where is naturopathic medicine headed?

The top three places I think you should know to watch for growth in naturopathic medicine:

1. Colorado – As you may or may not know the process of licensure for naturopathic medicine is a state-by-state process.  Currently there are 15 states in the U.S. with licensing laws for naturopaths.  According to the American Association of Naturopathic Physicians (AANP): “In these states, naturopathic doctors are required to graduate from an accredited four-year residential naturopathic medical school and pass an extensive postdoctoral board examination (NPLEX) in order to receive a license.” These states are: Alaska, Arizona, California, Connecticut, District of Columbia, Hawaii, Idaho, Kansas, Maine, Minnesota, Montana, New Hampshire, Oregon, Utah, Vermont, Washington and the United States Territories: Puerto Rico and Virgin Islands.

So why Colorado next?  Well, for one, it’s my home-state and where I hope to practice in the future.  But, two, and more importantly, this spring the Colorado Association of Naturopathic Physicians (CANP) will again be petitioning for licensing laws from the Colorado state legislature.  Colorado has been the hotbed of debate with strong opposition not only from medical doctors (mainly AMA-associated), but also from the extremely large constituent of unlicensed naturopaths currently practicing in Colorado.  A licensing law for them could mean the end of the career.  If you are in Colorado or just interested in the politics of Naturopathic licensing get plugged in with CANP because we need a voice and we need strategic planning to create harmony within our profession – between naturopaths who have not attended an accredited school and those who have.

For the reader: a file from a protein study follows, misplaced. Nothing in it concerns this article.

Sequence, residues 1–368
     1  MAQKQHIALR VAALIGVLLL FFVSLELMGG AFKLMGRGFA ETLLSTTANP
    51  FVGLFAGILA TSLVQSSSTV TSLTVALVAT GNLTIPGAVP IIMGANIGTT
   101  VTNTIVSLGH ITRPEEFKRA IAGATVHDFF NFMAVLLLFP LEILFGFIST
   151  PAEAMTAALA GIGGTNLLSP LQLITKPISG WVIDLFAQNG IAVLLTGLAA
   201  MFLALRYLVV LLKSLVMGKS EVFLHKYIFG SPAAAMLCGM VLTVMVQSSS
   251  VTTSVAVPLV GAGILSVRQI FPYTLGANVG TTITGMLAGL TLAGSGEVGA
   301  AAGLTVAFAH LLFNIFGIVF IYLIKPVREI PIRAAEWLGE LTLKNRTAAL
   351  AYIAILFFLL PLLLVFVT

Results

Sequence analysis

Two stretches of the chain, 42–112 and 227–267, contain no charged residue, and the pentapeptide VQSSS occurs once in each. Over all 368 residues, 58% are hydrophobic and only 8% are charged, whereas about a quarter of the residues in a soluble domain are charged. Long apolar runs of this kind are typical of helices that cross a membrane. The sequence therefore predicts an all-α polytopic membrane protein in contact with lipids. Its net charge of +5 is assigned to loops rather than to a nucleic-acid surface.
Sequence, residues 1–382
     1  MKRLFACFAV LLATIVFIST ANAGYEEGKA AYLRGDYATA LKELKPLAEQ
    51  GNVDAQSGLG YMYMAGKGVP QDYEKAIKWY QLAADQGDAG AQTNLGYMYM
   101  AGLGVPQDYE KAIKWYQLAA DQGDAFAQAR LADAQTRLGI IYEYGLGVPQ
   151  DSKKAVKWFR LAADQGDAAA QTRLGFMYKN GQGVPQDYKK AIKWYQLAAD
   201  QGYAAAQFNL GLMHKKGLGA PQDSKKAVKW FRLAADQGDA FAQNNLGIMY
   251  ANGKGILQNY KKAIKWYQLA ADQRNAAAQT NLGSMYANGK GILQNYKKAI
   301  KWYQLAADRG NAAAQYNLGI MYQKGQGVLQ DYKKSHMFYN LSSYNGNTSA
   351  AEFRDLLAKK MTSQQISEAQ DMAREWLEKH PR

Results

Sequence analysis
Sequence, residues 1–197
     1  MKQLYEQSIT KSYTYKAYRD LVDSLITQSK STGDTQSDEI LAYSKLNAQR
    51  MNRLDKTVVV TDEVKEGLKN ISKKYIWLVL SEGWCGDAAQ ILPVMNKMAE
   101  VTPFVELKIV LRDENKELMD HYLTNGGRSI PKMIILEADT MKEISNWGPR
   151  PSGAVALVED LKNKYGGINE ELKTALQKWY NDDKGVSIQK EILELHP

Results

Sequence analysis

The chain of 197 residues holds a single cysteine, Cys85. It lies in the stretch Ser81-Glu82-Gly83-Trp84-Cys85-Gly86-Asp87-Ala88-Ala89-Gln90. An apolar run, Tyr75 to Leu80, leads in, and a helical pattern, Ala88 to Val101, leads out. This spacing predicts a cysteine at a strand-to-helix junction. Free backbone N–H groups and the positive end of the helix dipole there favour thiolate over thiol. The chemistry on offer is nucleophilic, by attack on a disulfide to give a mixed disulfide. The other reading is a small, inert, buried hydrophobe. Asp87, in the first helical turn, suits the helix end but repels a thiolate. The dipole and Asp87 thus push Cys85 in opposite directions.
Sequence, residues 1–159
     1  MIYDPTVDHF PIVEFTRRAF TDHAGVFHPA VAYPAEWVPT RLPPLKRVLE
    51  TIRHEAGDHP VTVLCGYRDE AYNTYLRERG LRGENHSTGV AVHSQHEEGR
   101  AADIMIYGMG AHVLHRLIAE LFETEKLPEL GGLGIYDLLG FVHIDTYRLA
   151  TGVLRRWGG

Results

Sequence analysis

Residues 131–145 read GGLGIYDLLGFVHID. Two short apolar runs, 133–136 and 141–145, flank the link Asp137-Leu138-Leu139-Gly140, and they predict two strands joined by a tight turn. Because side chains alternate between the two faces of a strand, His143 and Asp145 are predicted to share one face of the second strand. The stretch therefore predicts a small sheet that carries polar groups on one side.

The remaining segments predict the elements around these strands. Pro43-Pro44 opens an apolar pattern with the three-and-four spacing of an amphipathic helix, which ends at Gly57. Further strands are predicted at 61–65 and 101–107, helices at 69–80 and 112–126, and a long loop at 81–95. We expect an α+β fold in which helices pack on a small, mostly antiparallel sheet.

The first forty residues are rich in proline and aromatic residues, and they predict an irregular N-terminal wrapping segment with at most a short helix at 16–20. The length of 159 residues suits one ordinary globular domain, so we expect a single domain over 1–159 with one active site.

2. California – In September of 2010 Bastyr University confirmed its plans to open a second campus in CA.  Although no city or firm start date has been set, they have “optimistic hopes” for the first ND class to begin in 2012.  Initially, this would only be a campus for the naturopathic program … but with hopes of opening up to more programs in the future.

3. Washington D.C. – the biggest obstacle for naturopaths in the U.S. is having proper state legislature supporting our field.  Tireless efforts by NDs, ND students and ND proponents have occurred on ‘the hill’ lobbying for senate support.  If you have been positively impacted by naturopathic medicine and want to see it grow in our country to increase access to alternative healthcare it is imperative that our legislators know what naturopathic medicine is and why it is important for states to have licensing laws.

For more information on naturopathic licensure and the importance of seeing a naturopathic doctor who has graduated from one of the four accredited naturopathic medical schools in the U.S. visit the AANP website – http://www.naturopathic.org – or stay tuned here for further discussions! (There are also accredited schools in Canada: see http://www.cand.ca.)


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